In an article that appeared in The Varsity last week, a writer advocated for an endorsement of the Boycott, Divest, Sanction (BDS) movement by the university. In this article, I will not address the merits of the BDS movement. Instead, I will argue against student activists seeking endorsement from our university. The reason is twofold: I do not understand the BDS debate well enough to comment on it in particular, but I can comment about the form of student advocacy in general. I’ll do this by examining U of T, the University of Toronto Asset Management Corporation (UTAM), and the University of Toronto Students’ Union (UTSU), in turn.

First, the university, as an institution, should not give endorsement to sociopolitical causes that take place beyond its campus. The reason is quite simple. To quote our school’s policy on “social and political issues with respect to university divestment:” “the University’s core academic values include freedom of inquiry and open debate. As a general matter, the University does not take positions on social or political issues apart from those directly pertinent to higher education and academic research. Instead, its role is to provide a forum within which issues can be studied carefully and debated vigorously.”

Note, however, that this stance is not at odds with the idea that the university is a community with values and traditions to uphold. Students could still pressure the university on issues such as support for mental health or gender equality. They are directly pertinent to higher education.

Additionally, this statement does not preclude individuals within the institution from taking a stand. Students could take on causes such as BDS, but they should not ask for endorsement from U of T, because it is not a stakeholder in these debates and should not be brought in merely to give one side more credibility. 

Second, while UTAM is the target of a number of divestment campaigns, including BDS, the argument for divestment actually hinges on a misunderstanding about the source of UTAM’s funds. UTAM does not actually manage money from our pocket.

According to its 2014 annual report, it holds $2.3 billion in its endowment, $3.8 billion in pension plan, and $1.4 billion in working capital. Only the last category involves student fees. Even then, working capital is largely determined by the timing of staff salaries, maintenance fees, government grant, etc. As such, our sense of ownership of the university’s investment fund such as is implicit in the arguments presented in last week’s article is actually false. Students have only a relatively minor stake in it.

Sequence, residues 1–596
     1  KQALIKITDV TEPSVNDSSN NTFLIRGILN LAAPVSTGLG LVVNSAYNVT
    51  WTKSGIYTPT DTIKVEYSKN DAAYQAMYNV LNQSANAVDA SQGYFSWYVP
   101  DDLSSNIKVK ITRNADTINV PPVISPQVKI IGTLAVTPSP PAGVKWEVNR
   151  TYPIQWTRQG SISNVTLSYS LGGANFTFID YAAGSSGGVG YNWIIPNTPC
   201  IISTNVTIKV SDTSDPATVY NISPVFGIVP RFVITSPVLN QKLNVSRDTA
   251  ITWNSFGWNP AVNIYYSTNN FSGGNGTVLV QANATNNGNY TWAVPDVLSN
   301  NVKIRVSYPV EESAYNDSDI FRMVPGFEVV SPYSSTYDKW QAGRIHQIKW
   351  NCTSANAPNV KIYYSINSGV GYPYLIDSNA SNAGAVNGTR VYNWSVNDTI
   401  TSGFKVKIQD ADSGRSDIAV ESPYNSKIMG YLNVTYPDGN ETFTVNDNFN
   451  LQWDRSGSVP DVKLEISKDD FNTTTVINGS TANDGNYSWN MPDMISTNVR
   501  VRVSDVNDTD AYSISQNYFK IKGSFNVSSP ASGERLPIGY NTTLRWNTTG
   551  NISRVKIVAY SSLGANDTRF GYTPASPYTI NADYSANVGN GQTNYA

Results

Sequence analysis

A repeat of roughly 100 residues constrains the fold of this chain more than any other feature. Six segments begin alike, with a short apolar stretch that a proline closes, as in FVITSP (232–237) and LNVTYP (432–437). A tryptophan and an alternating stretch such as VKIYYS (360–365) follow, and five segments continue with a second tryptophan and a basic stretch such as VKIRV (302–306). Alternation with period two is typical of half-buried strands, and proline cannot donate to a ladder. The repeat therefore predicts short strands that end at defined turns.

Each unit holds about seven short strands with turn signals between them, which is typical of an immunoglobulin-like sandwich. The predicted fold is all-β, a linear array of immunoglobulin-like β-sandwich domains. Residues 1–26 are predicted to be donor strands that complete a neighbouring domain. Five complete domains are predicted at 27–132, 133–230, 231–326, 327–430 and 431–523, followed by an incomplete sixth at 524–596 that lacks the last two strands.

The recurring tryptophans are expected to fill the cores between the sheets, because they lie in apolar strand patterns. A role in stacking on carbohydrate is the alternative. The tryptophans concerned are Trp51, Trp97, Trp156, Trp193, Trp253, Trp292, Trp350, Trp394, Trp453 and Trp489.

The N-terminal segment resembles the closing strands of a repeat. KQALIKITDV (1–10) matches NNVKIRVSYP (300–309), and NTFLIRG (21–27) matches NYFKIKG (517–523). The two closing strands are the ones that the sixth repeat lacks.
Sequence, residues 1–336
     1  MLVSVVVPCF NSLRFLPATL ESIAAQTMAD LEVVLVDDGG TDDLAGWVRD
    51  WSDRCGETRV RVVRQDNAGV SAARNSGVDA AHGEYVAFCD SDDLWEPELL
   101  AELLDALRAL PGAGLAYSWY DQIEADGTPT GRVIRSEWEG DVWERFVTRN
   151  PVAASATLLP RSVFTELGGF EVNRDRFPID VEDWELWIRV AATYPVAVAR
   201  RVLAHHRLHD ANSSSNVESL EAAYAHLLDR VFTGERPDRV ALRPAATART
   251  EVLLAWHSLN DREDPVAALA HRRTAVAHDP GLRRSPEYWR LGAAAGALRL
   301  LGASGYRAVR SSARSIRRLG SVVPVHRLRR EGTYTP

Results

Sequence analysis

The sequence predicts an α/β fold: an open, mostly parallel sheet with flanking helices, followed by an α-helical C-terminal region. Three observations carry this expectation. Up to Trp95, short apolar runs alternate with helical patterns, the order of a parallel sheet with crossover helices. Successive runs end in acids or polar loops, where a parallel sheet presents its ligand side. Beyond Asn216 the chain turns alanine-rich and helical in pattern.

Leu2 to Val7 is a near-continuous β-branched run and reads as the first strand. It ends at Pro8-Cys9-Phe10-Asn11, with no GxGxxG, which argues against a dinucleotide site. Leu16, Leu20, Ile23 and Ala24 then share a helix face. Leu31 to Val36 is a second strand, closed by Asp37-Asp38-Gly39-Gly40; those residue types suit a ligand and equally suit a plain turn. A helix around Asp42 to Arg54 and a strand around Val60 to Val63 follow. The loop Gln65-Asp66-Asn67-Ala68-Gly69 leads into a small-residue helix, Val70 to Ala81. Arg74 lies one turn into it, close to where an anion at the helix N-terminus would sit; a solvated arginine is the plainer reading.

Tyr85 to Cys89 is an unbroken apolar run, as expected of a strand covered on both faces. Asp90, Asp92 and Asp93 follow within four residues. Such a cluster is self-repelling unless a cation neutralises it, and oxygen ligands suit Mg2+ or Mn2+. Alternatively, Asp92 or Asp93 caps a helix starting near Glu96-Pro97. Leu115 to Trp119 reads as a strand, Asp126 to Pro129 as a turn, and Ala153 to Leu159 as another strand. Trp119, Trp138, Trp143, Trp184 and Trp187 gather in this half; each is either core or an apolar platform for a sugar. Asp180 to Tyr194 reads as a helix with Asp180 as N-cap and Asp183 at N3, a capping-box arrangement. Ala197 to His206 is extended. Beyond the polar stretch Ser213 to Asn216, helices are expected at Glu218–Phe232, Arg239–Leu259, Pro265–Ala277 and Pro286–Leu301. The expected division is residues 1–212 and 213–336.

When other activists campaign for divestment, they make a rather different argument: they appeal to our university’s responsibility as an ethical investor. That is, our university should not reap rewards from companies that engage in socially injurious behaviors. This makes sense and it has succeeded before, leading to divestment from the tobacco industry and from apartheid South Africa.

Notice, however, that divestment in this case feels somewhat different from our university taking a side in these issues. Investing is but a pastime of this institution. Its main mandate is to research and to teach. As such, it would be bizarre that U of T would be forced to sacrifice the neutrality needed for its main function to satisfy its responsibility for a secondary one.

While I oppose endorsements by U of T, I think student activists should take their causes to the UTSU. After all, unlike the other two bodies, this one is fully democratic and its only purpose is to represent us, the students.

Whether the UTSU should actually take political stances on controversial issues is still subject to debate; yet, it stands that the UTSU has taken stances on similar issues before. It has endorsed the fossil fuel divestment campaign, and it will introduce a motion to support BDS at its Special General Meeting in November.

In short, student activists should only seek endorsement from the UTSU. U of T’s mandate is to research and teach. It should not be forced to take a position on social issues just to lend credibility to a debate which does not concern it.

Li Pan is a fourth-year student at Trinity College studying economics and math.

Like our content? Subscribe to our weekly newsletter

* indicates required